Slide 43 Copyright AQA and its licensors. All rights reserved. Context in questions Starting with this speech, explain how far you think Shakespeare presents Macbeth as a hero. At the start of Lord of the Flies, Piggy asks Ralph: Arent there any grownups at all? How does Golding present ideas about being a grown-up in Lord of the Flies? Slide 44 Copyright AQA and its licensors. All rights reserved. Paper 1: extract to whole assessment Slide 45

Copyright AQA and its licensors. All rights reserved. A holistic response to Paper 1 assessments Candidates can: spend more time on the extract or, spend more time on the whole write about the extract and then the whole approach both together at the same time. The response is marked as a whole. There is not a separate mark allocation for either of the two bullet points. Slide 46 Copyright AQA and its licensors. All rights reserved. A skills hierarchy Level

Descriptor 6 Critical, exploratory, well-structured approach to task and whole text Conceptualised approach supported by judicious references from text Insightful analysis of language, structure and form 5 Thoughtful, developed consideration of task and whole text References from text integrated into interpretation Detailed examination of effects of writers methods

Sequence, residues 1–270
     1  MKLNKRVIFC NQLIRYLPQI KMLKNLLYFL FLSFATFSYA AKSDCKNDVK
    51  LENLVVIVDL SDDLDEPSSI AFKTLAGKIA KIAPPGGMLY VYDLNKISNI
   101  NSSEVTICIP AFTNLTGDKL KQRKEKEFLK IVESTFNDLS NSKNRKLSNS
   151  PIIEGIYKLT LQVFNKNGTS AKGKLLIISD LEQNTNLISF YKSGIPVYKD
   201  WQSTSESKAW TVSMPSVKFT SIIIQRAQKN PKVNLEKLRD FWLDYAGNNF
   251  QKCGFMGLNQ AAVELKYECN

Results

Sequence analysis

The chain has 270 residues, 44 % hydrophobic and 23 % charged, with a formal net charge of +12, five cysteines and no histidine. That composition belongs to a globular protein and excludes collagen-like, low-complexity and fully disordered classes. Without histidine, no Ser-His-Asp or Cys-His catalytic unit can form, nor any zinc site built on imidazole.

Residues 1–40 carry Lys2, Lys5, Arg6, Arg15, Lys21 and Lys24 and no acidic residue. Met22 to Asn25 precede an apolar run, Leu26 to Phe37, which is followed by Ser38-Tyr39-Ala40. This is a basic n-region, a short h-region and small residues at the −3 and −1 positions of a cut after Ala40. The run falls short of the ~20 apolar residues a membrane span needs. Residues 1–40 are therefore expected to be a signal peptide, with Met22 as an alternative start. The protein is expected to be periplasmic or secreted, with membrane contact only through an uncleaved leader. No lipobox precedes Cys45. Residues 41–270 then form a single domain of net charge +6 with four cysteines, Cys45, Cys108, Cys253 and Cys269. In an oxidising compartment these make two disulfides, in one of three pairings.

4 Clear, sustained understanding of task and whole text References from text used to support explanation Clear explanation of effects of range of writers methods 3 Explained response to task and whole text Supported by range of relevant references to text Identification of effects of range of writers methods 2

Supported, relevant comments on task and text Relevant references to text Identification of writers methods 1 Simple, explicit comments showing awareness of task and text Narrative / descriptive references to text Awareness of writer making choices Slide 47 Copyright AQA and its licensors. All rights reserved. One way of approaching an extract To engage students in similar ways to how they might approach extracts in the

GCSE English Language papers: what are the main ideas, themes or character that is being introduced, or developed? how do particular choices of words, phrases, or lines within the extract affect the reader? why is the writer seeking to have this effect at this particular point in the play or novel? what other parts, or key pivotal moments of the text does it suggest? when I read this, what do I think is important? How does it add to, reinforce or change how I think about the character, relationships, themes or ideas that I have been studying? Slide 48 Copyright AQA and its licensors. All rights reserved. One way of approaching an extract